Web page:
Tom Mulcair unveils measures to help native women
Bill Graveland, The Canadian Press
Published Monday, August 31, 2015 4:29AM EDT
Last Updated Monday, August 31, 2015 7:43PM EDT
SASKATOON -- Kimberly Jonathan knows well the toll that violence against women can take.
The first female chief of the Federation of Saskatchewan Indian Nations says she has met with the families of victims and sat in court and watched "their pain" as cases involving their loved ones make their way through the courts.
"We are so glad our women are being heard, that there will be an inquiry," said Jonathan.
"We know that 1,200 aboriginal women are missing. They're not just numbers. We are not just numbers, we are not disposable."
Jonathan shared the podium at a news conference Monday in Saskatoon as NDP Leader Tom Mulcair unveiled new measures aimed at curbing violence against aboriginal women.
Mulcair promised to undo what he called an "underlying attitude of racism" that he says has prevented a national inquiry into the issue.
He made his pitch in a province with a rate of violence against women that is more than double the national average, adding that he would repair the federal government's relationship with indigenous women.
"Now I say this to every mother, to every daughter, to every sister, that it's time you had a prime minister who cares," Mulcair said.
Mulcair committed to restore a shelter enhancement program scrapped by the Conservative government, saying it would have sufficient funding to ensure no woman in need is turned away from a shelter.
But the Conservatives later said the shelter enhancement program has not been cancelled and the federal government has in fact increased funding for shelters.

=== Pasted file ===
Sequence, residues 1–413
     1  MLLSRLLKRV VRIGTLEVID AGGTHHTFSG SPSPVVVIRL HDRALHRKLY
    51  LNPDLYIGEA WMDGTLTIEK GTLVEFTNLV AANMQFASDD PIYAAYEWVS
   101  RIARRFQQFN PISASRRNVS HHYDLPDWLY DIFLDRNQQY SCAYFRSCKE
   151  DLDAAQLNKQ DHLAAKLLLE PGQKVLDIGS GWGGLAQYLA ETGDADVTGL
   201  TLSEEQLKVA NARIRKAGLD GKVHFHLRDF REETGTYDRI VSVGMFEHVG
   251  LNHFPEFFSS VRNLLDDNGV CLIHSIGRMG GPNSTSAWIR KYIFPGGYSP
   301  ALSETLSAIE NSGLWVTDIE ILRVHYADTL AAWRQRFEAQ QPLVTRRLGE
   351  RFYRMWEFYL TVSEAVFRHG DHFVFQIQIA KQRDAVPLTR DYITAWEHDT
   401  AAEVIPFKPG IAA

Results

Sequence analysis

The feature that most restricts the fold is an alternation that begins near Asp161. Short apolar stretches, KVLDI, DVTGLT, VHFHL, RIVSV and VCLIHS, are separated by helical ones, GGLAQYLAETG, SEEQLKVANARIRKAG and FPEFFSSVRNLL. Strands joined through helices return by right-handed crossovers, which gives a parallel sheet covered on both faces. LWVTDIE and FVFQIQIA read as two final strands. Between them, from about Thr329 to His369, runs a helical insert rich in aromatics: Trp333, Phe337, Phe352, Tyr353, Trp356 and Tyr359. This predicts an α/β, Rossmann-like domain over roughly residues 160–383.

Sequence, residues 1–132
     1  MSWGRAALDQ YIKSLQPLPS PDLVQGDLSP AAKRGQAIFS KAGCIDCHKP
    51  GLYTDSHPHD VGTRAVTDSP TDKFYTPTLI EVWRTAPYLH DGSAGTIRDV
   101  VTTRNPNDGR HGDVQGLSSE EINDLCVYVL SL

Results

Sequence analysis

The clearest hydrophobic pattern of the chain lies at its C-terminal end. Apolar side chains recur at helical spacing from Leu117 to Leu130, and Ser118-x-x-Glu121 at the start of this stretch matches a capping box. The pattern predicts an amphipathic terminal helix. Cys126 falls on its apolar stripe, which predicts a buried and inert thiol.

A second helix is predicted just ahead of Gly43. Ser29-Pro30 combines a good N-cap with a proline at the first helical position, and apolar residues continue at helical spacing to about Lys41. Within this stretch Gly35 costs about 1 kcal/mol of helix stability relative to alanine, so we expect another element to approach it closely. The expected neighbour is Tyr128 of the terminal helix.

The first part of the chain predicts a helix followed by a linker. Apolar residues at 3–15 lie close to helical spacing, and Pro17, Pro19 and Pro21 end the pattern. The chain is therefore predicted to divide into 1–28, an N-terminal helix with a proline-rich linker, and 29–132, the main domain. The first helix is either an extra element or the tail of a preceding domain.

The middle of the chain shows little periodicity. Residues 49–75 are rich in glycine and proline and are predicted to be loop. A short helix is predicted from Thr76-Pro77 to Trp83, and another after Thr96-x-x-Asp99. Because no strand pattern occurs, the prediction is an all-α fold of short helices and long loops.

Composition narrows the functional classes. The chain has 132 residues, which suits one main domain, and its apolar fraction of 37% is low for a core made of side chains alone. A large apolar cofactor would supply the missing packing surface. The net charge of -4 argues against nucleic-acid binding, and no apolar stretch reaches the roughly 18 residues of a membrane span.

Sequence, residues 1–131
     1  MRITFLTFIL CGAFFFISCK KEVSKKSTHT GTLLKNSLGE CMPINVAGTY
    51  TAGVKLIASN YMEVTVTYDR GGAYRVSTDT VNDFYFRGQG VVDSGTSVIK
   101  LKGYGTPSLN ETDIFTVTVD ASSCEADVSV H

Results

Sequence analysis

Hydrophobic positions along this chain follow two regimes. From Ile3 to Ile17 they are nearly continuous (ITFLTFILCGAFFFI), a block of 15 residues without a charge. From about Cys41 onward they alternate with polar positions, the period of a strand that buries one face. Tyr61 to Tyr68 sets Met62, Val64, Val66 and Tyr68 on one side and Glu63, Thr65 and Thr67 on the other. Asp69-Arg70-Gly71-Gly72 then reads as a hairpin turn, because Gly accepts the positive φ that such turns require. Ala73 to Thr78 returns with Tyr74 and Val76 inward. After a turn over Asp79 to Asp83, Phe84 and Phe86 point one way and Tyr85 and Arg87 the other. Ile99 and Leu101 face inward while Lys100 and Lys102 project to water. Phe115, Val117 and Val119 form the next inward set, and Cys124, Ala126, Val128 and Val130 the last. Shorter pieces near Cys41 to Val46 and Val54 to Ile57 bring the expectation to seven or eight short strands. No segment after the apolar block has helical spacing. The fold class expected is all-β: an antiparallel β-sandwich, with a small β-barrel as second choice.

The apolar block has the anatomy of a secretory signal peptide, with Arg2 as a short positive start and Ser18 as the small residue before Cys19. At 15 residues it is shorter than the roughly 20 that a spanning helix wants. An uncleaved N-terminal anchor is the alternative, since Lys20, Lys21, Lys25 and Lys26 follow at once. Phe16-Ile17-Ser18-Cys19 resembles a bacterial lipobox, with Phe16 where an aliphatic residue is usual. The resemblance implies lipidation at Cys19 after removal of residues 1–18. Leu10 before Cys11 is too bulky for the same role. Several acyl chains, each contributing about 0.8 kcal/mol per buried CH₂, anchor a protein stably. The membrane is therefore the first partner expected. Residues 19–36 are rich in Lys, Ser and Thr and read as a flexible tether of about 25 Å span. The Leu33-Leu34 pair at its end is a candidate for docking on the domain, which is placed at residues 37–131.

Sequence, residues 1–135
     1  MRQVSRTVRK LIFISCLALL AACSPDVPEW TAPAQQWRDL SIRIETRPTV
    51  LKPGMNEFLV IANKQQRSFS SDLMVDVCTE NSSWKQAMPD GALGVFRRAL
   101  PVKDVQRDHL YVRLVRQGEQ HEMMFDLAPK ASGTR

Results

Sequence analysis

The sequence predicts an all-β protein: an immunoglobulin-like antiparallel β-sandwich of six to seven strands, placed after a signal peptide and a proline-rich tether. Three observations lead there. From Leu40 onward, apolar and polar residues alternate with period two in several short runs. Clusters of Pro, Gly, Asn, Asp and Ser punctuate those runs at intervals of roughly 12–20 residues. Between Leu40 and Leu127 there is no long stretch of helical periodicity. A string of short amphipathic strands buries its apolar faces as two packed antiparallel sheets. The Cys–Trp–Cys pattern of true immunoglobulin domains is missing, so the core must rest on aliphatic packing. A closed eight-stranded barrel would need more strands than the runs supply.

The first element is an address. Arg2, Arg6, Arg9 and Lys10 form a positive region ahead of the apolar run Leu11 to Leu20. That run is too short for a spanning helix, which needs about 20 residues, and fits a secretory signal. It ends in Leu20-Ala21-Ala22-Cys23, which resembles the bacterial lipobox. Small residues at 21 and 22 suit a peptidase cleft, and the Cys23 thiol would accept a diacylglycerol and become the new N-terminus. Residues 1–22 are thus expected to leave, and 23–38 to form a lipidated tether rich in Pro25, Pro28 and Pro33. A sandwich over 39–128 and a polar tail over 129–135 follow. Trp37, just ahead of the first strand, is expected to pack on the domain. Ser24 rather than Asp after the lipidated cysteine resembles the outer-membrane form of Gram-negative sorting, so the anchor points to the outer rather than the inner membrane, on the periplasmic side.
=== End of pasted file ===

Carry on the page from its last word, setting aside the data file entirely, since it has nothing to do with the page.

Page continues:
Mulcair also vowed to work with women's groups, indigenous peoples, communities and organizations to create a national action plan to end violence against women and girls, with dedicated funding and benchmarks for progress.
That's on top of Mulcair's previous commitment to call an inquiry into the nearly 1,200 aboriginal women who have vanished or been murdered since 1980. He said he would launch the inquiry within his first 100 days in office.
"If there still hasn't been an inquiry today, to this date, on murdered and missing indigenous women in Canada, it's because of an underlying attitude of racism," he later added.
"We're going to change that attitude."
Jonathan welcomed the NDP promise.
"Hopefully this is a turning point where racism isn't OK, discrimination isn't okay ... and our women matter and our children matter," Jonathan said.
"We're not asking to be any better than any other woman that walks Mother Earth. We're asking we be afforded that self-respect."
Campaigning in Ottawa, Conservative Leader Stephen Harper said his government has implemented a series of initiatives to improve safety for aboriginal women, including giving police more investigative tools and providing more money for prevention services.
"We also brought in a series of criminal justice reforms to make sure there are serious penalties for those who commit violence against women, obviously commit violence more generally," Harper said.
"Also, we're making use of the existing 40 studies to figure out what additional action we should take, so we're taking a whole range of actions across the spectrum."
A report in January from the Inter-American Commission on Human Rights, an arm of the Organization of American States, said aboriginal women in Canada are murdered or disappear at a rate four times higher than their representation in the population.